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Food Shelf needs our help, so it can help

The McLeod County Board of Commissioners is used to hearing appeals from a wide variety of non-profits and other organizations. Each year, as it goes through its budget process, the County Board sifts through those requests and, if it makes an appropriation, tries to balance that with the day-to-day needs of the county.
Tuesday morning, for the first time in recent history, the McLeod Emergency Food Shelf approached the board for help, asking for a $44,000 appropriation to help it meet its operating costs in 2017.
The food shelf’s board of directors indicates that the great recession that started in 2008-09 continues to have a rippling effect today, even as the economy is showing signs of recovery.
A few bullet points:
• The food shelf served 5,432 people at least once in 2015, which equates to slightly over 15 percent of McLeod County’s total population. As Commissioner Sheldon Nies said, that statistic is “staggering.” Compare that to 2010, when the recession was really starting to rage, and when the food shelf served 3,415.
Fifteen percent of our population needing help to meet food needs is indeed a staggering statistic. It means that each one of us, whether we know it or not, has among our friends, family and aquaintenances someone who needs help from the food shelf.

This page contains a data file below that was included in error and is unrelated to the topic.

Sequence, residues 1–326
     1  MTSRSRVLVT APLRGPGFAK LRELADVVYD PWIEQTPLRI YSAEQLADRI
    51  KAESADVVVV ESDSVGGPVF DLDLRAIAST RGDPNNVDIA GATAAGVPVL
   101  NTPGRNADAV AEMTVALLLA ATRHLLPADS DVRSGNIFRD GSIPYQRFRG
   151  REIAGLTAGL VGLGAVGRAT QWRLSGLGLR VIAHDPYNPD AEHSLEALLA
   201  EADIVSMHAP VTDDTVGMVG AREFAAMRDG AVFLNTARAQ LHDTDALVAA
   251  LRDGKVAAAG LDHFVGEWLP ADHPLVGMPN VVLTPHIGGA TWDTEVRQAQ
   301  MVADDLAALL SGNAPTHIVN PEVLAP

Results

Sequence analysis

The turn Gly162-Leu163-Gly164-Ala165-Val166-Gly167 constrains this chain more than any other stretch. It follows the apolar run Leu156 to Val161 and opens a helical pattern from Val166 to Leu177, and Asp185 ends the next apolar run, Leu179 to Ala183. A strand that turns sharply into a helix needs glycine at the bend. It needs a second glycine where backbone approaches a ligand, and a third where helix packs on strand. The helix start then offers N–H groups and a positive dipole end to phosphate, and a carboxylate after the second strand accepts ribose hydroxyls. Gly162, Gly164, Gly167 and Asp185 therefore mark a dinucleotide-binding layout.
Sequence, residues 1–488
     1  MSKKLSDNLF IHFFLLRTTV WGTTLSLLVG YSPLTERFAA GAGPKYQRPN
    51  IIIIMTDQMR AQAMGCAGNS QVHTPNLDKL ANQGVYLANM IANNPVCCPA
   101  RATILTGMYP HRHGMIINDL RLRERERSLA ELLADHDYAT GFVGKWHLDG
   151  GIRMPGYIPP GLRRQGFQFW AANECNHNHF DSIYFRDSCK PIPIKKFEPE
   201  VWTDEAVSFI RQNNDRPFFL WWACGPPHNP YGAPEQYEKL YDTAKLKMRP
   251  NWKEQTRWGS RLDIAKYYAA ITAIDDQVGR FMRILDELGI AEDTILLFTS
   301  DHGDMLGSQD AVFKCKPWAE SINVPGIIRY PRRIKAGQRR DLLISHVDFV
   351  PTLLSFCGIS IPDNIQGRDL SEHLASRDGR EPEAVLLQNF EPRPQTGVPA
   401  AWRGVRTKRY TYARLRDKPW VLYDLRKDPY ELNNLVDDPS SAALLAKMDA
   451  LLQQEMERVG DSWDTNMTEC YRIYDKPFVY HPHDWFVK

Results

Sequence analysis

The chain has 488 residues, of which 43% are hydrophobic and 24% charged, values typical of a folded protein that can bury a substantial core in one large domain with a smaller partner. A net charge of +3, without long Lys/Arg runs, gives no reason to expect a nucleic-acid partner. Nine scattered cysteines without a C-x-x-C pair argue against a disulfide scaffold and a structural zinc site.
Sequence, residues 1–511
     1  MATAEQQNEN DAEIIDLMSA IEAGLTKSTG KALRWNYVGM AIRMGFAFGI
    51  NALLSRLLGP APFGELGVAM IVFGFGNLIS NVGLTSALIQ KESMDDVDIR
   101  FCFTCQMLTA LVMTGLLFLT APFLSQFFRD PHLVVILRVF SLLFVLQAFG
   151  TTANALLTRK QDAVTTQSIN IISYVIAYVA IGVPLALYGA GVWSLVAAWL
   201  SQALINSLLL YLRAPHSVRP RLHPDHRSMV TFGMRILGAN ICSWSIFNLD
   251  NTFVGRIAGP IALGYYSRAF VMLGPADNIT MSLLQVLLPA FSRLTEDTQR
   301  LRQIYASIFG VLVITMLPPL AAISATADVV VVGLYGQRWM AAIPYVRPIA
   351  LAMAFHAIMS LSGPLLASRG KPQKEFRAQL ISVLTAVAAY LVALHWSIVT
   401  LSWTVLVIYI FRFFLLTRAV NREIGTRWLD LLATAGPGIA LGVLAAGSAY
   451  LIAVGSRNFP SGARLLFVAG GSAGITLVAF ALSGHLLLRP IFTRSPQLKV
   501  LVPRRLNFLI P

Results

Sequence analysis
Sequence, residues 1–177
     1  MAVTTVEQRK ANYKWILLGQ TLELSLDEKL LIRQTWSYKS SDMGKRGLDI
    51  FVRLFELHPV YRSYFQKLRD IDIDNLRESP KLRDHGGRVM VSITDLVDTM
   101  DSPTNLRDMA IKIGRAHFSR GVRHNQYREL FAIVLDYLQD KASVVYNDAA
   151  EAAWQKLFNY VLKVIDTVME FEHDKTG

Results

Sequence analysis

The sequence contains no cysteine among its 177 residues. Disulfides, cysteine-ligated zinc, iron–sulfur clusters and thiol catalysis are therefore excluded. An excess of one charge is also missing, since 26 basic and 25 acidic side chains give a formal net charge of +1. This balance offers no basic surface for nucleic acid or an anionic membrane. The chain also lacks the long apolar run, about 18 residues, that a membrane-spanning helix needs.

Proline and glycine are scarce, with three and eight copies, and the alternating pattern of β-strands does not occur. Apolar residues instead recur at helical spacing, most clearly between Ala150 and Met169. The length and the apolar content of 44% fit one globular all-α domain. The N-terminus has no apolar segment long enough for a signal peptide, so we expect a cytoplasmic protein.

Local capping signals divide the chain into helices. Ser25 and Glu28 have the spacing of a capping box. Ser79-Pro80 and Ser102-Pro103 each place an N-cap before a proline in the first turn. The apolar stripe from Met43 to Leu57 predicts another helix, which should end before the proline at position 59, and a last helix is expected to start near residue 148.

• In 2015, the food shelf distributed 550,543 pounds of food. In 2010, it distributed 272,045 pounds. So that means the pounds of food distributed annually has more than doubled in six years.
• In 2010, the food shelf had a net income of $19,013. In each of the five succeeding years, it experienced an operating loss, culminating with a $53,485 loss in 2015.
• Prior to the recession settling in, the food shelf had invested money in CDs and savings; it has been tapping those savings to cover its operating losses. In 2012, the late Geraldine Tews bequested money to the food shelf. Currently, the balance of that bequest is about $480,000, and the food shelf wants to reserve that money for a countywide emergency, such as a shutdown of a major employer or a natural disaster.
• The food shelf has been operating efficiently. Nearly 97 percent of its expenditures are directly related to the acquisition and distribution of food to those in need. Only about 3 percent is spent on administration.
It’s obvious that the rising costs of operating the food shelf have risen in direct correlation to its need.
The food shelf does not want to get into the situation where it has to turn people away from its doors. Nothing is more disheartening than not being able to fulfill a mission to help those in need.
The County Board has a tough decision to make as to whether it will make the appropriation or not. It has a lot on its plate right now, and its most recent directive to most of its departments is to try to find a way to trim 5 percent in expenditures from their budgets.
But the county is not the only source of funding for the food shelf. We can all contribute.
Unfortunately, we tend only to think of the food shelf during the March food drive, during Halloween food collections or Thanksgiving offerings.
It’s time to start keeping the food shelf in mind all year round. Buy a couple of extra cans of soup then next time you shop for groceries. Make a monetary donation.
The food shelf needs it. So do many of your friends and neighbors.